Corporates and democracy

Wasting public money and ignoring what the public want

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Writing in his blog, EUReferendum, Richard North rightly selects the criticism by Nick Cohen of the coalitions flagship policy, Universal Credit, for welfare reform . Some of the support, or criticism, of the work done by Iain Duncan Smith in the Department of Work and Pensions is simply yahboo in nature and depends upon where it's being published. So from some right wing elements it's the best policy to ever see the light of day and from the left we are told IDS is the devil incarnate. One joker even brought back memories of previous sloganeering by saying, Universal Credit isn't working!

North says he would not agree with all of what Cohen writes but we have to remember that Cohen is writing in the Guardian. So what Cohen cannot say is why people having their benefits stopped or reduced then find it's very hard to get work. So no mention of mass immigration distorting competition for jobs then!

What Cohen does is focus on the appaling IT failure behind the Universal Credit scheme. Seeing this vast waste of money perhaps the coalition are grateful they did not, formally, embark up on a system for compulsory ID cards as that would have wasted even more money! But if you are looking for a chance to waste money then hope is at hand, it's called high speed rail in the form of HS2.

But traditionally the Guardian like all left of centre media is keen on mega projects like high speed rail. We may assume it's the glorious centralist socialist desire for big ticket extravaganza; China can do it so why not dear little UK? And in that respect it not just the left who thinks that way as our dopey Chancellor, George Osborne, does too.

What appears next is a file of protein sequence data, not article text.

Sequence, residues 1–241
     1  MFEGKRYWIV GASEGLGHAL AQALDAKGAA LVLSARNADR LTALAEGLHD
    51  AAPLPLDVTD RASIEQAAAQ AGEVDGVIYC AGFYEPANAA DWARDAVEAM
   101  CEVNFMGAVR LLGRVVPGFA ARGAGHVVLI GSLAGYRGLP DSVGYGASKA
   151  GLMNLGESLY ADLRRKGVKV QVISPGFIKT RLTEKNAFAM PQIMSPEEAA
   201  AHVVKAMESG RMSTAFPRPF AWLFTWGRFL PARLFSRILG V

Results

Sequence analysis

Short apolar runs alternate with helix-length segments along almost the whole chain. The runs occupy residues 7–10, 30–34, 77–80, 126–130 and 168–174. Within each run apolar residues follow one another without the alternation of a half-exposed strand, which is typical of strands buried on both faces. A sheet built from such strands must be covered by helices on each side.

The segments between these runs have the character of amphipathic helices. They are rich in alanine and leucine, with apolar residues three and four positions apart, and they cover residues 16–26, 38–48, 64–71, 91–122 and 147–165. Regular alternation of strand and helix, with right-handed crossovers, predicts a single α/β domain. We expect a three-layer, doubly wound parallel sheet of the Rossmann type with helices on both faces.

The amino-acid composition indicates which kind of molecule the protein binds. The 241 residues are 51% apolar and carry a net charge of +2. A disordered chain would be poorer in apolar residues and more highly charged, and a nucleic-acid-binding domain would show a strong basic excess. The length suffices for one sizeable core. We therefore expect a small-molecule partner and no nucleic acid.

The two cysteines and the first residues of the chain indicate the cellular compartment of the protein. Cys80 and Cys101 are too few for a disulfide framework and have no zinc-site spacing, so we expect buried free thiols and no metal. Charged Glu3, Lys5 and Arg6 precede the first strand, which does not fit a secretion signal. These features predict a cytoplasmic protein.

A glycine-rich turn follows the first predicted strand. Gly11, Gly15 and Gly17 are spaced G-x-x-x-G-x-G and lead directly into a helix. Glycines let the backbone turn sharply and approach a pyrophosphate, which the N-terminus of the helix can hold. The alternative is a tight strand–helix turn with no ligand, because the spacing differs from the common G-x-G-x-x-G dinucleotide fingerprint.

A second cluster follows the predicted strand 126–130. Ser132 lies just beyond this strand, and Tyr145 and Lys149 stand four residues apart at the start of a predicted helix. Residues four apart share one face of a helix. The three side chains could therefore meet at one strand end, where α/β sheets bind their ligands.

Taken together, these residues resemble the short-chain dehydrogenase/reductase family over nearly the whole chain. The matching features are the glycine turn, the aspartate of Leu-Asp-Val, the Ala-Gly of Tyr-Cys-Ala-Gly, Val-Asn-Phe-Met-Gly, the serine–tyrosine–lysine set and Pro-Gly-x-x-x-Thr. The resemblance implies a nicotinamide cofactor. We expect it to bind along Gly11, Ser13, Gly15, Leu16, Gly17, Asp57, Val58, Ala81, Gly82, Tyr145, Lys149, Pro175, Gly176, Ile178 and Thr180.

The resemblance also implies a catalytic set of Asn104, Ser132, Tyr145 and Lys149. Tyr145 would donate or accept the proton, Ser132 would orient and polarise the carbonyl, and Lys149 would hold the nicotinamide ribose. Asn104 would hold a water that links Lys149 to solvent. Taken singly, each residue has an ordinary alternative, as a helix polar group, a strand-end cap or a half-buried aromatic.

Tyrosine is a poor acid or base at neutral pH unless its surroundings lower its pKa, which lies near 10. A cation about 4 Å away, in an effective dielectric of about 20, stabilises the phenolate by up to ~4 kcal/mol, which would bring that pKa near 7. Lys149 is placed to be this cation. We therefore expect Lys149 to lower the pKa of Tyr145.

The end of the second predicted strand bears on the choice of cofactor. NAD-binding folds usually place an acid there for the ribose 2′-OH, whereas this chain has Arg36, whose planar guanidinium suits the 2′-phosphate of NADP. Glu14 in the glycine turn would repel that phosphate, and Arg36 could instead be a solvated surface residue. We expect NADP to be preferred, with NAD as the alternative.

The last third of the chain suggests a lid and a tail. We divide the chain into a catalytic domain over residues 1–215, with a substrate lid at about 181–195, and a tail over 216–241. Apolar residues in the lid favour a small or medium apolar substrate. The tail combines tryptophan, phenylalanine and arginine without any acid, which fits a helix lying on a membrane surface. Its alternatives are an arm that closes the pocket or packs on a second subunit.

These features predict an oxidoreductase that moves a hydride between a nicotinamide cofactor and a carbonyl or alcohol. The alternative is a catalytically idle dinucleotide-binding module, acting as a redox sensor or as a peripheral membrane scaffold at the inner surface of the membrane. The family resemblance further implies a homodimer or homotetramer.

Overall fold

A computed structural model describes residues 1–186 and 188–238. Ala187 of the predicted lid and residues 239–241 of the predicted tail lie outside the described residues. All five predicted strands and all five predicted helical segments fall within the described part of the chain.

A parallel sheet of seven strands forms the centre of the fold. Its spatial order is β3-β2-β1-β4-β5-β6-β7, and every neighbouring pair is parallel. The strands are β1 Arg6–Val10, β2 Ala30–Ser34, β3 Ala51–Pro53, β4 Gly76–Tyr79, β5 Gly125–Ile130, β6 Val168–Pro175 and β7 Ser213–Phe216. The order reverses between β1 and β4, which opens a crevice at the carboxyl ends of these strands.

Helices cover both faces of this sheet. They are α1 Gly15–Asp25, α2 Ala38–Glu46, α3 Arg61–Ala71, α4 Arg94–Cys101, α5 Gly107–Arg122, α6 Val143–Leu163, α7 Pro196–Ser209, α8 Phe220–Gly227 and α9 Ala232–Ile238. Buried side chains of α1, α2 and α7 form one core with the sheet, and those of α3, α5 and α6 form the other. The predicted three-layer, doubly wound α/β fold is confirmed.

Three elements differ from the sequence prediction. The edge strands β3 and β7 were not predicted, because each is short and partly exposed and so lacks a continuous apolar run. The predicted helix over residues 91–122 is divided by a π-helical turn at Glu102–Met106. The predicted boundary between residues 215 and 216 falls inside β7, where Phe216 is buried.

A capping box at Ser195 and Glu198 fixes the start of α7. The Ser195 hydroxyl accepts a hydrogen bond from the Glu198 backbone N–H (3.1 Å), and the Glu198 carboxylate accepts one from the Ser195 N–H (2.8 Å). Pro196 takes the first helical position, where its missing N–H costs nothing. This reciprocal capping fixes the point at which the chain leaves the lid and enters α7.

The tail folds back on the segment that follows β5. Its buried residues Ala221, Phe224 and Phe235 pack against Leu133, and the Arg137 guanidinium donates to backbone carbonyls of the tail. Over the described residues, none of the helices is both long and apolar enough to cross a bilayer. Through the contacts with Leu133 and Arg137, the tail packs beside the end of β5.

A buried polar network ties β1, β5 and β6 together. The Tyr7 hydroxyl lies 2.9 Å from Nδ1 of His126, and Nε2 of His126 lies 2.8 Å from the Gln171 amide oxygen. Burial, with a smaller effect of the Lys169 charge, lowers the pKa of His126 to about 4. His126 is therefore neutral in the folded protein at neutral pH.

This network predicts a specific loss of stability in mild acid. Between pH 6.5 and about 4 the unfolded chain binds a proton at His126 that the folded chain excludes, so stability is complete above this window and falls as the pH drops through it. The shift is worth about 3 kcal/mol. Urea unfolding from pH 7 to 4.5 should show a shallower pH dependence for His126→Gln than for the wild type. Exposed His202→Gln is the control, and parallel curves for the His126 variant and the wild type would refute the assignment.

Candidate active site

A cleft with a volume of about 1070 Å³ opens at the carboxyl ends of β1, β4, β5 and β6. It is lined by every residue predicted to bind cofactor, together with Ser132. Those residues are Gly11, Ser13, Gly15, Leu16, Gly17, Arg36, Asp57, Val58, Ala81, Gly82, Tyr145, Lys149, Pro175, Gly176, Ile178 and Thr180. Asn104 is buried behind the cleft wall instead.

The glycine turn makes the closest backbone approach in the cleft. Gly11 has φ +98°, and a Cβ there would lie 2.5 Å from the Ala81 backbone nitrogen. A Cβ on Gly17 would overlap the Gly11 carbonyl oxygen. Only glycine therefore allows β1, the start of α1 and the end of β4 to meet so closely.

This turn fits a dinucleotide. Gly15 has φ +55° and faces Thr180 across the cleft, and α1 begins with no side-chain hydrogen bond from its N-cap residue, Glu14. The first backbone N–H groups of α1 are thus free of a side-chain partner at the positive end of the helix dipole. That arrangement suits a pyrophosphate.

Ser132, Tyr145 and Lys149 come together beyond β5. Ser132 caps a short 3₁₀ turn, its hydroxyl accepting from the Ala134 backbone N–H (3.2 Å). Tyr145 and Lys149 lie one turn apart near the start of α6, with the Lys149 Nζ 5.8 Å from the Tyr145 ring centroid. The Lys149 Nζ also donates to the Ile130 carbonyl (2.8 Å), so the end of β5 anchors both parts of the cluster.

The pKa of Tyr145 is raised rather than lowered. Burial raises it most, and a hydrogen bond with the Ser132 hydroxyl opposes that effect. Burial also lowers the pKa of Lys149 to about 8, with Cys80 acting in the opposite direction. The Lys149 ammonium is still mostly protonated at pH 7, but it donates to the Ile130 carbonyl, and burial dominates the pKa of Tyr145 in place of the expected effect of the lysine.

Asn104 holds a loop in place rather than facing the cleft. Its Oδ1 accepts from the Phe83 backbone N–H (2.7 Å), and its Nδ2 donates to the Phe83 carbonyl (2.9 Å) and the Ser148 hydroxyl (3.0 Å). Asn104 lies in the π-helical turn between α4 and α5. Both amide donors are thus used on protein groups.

Following severe criticism of the corporate IT world North then takes things forward by offering a practical and local solution to the problem. For that is really the summary of it all. The corprate world which our present political elite worship versus the people whom they loathe. And here's another example. The expansion, or not of Heathrow. Time to remind ourselves that the MP for Putney, Justine Greening, was elected because of her opposition to Heathrow matched that of the electorate.

Alas trying to represent your consituents makes you unpopular with the Prime Minister and in time David Cameron sacked Greening from a cabinet position for doing just that. And the reason was? Well you see Cameron has made up his mind that he does not like 'Boris island', the solution offered by Boris Johnson, Mayor of London. It's said by the projects opponents, and that would include some from the PM's office, that the MoL has got this all wrong. Not least because it is so expensive. But then so is HS2 a project the PM has got all wrong!

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But the leaks are flowing. The business editor for the Telegraph, Kamal Ahmed, has got hold of this -